Sometimes a promotion is exactly what a person wants and needs. They might be ready for the next level of responsibility, and the time could be right to recognize that. However, there's also a chance that the promotion you have in mind is standing in as a proxy for a more fundamental desire. You could also be thinking...

  • I want more money. You might feel like you're not being compensated fairly, and you could see a promotion as the most direct way to increase your comp.
  • I want to grow more quickly or in a different direction. Maybe you want more responsibility, authority, or visibility to help you accomplish your goals, and you think a promotion will provide those things.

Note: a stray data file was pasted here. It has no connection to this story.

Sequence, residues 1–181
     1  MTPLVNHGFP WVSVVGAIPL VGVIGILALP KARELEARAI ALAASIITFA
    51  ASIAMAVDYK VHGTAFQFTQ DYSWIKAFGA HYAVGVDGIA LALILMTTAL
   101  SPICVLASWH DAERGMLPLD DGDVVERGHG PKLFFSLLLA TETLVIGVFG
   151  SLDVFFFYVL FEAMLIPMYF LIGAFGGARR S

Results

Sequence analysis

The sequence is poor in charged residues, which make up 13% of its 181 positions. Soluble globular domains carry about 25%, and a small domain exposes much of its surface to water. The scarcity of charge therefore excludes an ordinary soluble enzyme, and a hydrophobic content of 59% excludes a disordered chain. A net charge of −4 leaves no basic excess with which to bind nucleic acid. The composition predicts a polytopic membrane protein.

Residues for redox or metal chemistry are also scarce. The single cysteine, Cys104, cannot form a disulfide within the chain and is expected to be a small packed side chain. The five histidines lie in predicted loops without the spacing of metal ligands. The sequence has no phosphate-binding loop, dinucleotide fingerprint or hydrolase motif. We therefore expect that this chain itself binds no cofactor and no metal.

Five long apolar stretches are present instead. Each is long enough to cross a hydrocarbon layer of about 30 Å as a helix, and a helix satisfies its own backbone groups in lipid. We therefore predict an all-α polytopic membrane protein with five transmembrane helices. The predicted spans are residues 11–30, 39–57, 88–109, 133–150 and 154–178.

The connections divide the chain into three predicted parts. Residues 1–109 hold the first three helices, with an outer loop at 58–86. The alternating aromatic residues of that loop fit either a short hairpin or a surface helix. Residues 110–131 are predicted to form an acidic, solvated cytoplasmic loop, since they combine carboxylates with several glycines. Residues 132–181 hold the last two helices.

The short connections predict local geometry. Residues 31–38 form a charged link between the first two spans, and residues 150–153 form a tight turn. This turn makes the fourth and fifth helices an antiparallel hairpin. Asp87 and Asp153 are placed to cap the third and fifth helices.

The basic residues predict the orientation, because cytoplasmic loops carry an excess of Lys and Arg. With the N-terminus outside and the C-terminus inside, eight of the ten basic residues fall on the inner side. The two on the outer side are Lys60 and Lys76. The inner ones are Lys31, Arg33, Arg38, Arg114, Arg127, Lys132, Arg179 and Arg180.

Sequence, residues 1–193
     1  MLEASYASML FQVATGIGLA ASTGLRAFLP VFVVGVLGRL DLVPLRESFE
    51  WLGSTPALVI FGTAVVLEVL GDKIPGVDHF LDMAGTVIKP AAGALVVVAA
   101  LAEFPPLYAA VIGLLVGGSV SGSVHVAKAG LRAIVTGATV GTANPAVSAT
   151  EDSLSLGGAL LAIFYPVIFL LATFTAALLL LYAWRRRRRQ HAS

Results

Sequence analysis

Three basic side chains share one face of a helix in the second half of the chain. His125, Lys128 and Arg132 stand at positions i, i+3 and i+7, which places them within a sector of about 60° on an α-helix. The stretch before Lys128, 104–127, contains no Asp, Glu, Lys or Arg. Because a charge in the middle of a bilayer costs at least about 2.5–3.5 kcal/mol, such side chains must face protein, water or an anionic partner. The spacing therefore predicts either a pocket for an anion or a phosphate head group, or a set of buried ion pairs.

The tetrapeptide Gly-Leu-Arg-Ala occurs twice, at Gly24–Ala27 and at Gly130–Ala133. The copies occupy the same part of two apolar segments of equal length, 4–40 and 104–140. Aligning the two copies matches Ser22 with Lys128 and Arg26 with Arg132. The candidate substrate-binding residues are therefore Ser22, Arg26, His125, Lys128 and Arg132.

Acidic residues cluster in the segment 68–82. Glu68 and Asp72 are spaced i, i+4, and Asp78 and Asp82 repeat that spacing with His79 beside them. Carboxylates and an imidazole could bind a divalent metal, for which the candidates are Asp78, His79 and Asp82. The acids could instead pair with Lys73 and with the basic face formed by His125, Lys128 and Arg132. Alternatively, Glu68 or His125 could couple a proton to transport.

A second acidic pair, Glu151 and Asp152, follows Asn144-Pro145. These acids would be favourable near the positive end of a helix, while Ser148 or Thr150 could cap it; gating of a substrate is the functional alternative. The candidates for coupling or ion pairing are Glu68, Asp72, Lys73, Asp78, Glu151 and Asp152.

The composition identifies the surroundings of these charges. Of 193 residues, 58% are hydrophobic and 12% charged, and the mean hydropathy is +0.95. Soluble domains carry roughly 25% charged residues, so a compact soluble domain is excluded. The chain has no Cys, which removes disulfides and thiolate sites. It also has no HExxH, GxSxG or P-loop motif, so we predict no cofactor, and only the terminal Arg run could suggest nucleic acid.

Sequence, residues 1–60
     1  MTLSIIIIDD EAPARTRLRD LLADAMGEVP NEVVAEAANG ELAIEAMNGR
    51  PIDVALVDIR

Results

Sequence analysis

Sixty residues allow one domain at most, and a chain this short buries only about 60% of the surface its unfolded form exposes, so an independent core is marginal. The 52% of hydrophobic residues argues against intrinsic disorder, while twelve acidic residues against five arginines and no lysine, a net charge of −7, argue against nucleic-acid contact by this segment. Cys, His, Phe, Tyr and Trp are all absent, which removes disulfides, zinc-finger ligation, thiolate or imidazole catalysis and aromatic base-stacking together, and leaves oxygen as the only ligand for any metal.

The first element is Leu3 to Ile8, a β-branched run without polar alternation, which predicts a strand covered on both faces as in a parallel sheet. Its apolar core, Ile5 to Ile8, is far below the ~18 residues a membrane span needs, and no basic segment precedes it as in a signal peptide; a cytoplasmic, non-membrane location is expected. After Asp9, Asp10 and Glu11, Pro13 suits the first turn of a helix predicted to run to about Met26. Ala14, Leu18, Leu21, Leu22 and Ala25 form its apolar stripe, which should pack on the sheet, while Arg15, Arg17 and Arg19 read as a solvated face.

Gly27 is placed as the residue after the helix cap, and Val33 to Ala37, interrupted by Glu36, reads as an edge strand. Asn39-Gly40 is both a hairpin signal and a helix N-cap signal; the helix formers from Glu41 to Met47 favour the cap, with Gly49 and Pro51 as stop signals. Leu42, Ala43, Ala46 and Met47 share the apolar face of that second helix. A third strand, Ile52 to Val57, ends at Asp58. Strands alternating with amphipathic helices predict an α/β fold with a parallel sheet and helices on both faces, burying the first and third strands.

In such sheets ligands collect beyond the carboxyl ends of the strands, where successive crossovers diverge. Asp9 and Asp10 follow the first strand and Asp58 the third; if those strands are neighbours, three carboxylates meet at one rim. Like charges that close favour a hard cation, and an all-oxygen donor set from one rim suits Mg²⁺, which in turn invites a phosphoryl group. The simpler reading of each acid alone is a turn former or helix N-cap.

• I want more prestige. You could feel like you're not being recognized for your contributions and promotions are the most visible way for an organization to recognize an individual's capability.

Alternatives to promotion

Promotion cycles typically come once or twice a year and some organizations make it very difficult to promote folks, so if at all possible I'd prefer to help someone get what they want without being held up by the promotion process. If a desire for more money, growth, or prestige is at the root of your desire for promotion, then here's how I would steer the conversation so we can figure out how to get you what you really want.

💰 Increasing compensation